The cities were carefully chosen for a variety of operating conditions, including hot and cold climates, different terrain and varying traffic conditions. There were also various ways of producing hydrogen, including wind power, solar and geothermal energy. In fact, the price of hydrogen proved to be widely variable, depending on the production source. After the end of the test period, Hamburg acquired six vehicles from other cities (adding them to its own original three) and is running them for several more years.
Other parts of the Daimler Group were also working on fuel cells so the engineers had the benefit of being able to share knowledge. Fuel cells were becoming more reliable and less expensive. That resulted in the 2009 launch of the third-generation Citaro FuelCELL-Hybrid. A total of 23 buses entered service, in Germany, Italy and Switzerland.
Because these buses had a hybrid drive system, they had lithium-ion batteries, electric hub motors and electrically-driven ancillary components. Electrical energy could be recuperated when braking, therefore their consumption of hydrogen was considerably lower than the earlier second generation models.
Like most of its European competitors, Mercedes-Benz had developed diesel-powered hybrid buses but decided to discontinue their manufacture when Euro VI emission limits came into force. The company took the view that the greater fuel economy of the Euro VI diesel engines, along with their very low emission levels, weakened the case for hybrid buses. Their pay-back period would be extended considerably. It was a bold decision, but more than 3,000 Euro VI Citaro buses are in service and they are demonstrating considerable savings in fuel consumption.
However, Daimler realizes that there are customers who are demanding an alternative to diesel drive. One of the most progressive is Hamburg, which has been deeply involved in the fuel cell trials. A few years ago, Hamburg said that it would not buy any new diesel buses after 2020 because it reckoned that, by 2030, the price of diesel fuel would have become prohibitive. That argument has been weakened by the recent sharp fall in the price of oil, but, how long will that last and what will be the price of a gallon of diesel by 2030?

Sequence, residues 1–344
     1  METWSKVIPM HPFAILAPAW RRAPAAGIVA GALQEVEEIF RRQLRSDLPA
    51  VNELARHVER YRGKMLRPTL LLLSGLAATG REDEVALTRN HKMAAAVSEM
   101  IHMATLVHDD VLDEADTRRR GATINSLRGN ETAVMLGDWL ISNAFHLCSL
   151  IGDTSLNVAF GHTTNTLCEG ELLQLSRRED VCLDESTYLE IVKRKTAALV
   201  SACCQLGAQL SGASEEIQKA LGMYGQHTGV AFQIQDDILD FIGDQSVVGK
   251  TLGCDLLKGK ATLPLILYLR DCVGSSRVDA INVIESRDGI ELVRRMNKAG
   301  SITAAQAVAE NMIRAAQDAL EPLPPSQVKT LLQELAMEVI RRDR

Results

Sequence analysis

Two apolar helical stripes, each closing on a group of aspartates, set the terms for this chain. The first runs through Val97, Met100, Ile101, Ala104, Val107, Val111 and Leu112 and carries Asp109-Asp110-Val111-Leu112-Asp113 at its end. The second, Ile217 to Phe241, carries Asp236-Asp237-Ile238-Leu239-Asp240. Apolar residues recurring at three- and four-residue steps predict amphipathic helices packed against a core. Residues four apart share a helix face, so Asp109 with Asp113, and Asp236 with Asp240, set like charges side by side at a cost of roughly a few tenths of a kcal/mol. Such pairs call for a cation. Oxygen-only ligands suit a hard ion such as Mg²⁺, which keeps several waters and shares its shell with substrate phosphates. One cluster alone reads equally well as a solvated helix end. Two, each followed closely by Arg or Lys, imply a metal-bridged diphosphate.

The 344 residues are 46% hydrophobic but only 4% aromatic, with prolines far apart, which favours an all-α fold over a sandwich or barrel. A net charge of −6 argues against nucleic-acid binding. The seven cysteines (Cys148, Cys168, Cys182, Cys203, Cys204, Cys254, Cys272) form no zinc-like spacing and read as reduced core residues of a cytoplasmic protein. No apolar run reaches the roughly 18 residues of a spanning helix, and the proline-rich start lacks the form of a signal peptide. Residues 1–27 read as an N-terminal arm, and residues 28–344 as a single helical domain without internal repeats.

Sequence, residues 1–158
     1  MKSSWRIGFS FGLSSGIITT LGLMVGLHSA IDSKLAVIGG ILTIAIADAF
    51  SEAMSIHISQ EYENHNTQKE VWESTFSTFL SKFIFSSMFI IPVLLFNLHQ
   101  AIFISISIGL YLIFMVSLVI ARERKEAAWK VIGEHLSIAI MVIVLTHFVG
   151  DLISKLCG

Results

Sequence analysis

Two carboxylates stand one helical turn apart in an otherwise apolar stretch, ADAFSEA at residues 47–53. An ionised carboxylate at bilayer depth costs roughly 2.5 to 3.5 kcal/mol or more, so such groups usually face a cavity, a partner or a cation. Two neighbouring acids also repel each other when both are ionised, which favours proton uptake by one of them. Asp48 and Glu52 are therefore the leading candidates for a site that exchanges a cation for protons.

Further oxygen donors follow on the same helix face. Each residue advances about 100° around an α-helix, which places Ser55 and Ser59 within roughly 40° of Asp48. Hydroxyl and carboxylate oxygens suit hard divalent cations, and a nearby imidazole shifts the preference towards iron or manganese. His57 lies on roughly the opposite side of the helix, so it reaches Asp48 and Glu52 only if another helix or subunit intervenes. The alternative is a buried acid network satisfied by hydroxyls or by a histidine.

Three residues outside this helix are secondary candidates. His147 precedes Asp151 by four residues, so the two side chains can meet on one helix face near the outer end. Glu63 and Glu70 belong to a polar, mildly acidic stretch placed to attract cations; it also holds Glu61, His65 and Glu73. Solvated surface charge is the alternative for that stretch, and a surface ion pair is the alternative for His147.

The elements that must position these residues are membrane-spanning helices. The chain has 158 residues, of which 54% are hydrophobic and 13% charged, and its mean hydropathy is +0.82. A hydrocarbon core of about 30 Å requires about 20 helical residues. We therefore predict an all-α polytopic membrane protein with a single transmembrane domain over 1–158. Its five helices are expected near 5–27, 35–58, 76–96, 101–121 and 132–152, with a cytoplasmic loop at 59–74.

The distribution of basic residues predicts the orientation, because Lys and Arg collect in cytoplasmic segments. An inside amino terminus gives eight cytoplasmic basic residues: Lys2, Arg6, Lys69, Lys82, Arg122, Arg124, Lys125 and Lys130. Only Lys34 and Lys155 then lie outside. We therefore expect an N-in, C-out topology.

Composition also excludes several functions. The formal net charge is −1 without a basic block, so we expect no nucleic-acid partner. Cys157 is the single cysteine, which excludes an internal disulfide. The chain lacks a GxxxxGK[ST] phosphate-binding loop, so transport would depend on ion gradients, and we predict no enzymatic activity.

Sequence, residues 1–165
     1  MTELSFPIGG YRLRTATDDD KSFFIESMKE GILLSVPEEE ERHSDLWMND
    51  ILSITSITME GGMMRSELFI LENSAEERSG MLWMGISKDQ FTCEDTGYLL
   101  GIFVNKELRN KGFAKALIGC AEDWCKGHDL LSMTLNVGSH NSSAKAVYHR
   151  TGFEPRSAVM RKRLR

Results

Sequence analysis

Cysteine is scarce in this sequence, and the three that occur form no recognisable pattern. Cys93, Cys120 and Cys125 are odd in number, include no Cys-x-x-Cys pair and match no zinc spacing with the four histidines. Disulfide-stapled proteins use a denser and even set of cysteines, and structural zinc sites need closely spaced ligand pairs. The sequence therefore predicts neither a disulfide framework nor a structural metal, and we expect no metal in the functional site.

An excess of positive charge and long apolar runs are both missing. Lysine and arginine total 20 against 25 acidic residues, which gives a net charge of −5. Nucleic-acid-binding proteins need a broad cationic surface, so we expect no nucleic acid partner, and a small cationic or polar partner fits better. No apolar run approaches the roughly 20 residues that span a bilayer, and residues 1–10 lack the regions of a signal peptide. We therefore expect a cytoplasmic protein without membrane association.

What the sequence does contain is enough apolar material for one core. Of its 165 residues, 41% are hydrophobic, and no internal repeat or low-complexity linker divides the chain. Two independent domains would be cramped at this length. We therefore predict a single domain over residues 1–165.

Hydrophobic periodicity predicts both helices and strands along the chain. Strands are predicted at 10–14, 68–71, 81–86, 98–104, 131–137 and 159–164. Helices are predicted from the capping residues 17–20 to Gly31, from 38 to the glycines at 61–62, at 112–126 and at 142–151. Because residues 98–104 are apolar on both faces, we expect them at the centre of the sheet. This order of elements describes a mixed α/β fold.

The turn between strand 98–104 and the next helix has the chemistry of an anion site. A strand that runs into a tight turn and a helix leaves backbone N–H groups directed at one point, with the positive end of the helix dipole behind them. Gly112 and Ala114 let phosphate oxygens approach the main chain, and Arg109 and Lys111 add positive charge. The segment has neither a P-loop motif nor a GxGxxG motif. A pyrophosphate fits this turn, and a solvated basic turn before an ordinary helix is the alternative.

Gustav Tuschen confirmed that Daimler Buses was working on two projects, known as Citaro E-Cell and Citaro F-Cell. The challenge with all-electric buses is how to ensure that they have sufficient energy for a typical daily 16-18 hour schedule. Electrical energy is needed not only to move the vehicle, but to power air conditioning and/or heating, lighting and many other systems on a typical city bus.
Some competitors offer batteries that have sufficient range for a full day’s operation, but there is a weight penalty of around 3 tons and that can restrict the maximum passenger capacity.
The alternative is to use smaller batteries and to fast-charge them regularly through the day, usually at each end of the route. Charging can be carried out either from overhead gantries, or underneath the vehicle from the road surface.
Daimler is likely to offer the option of a fuel-cell car before the end of this decade. It is also working on fuel cells in light commercial vehicles, so that will help to make the price more competitive.
Gustav Tuschen suggested that the fourth generation Citaro F-Cell bus would become available around 2019, but there is also the option of using a fuel cell as a range extender on an all-electric vehicle. That has the benefit of using smaller batteries, without the need for recharging facilities on bus routes. It could also be a very good solution for higher capacity articulated buses.
There are many customers who will still prefer to purchase standard diesel buses and the next generation from Mercedes-Benz will use the same platform as the E-Cell and the F-Cell. It will be interesting to see whether Daimler Buses decides to add any other fuel or drive system to the project before it is unveiled.
Doug Jack is with Transport Resources in the United Kingdom.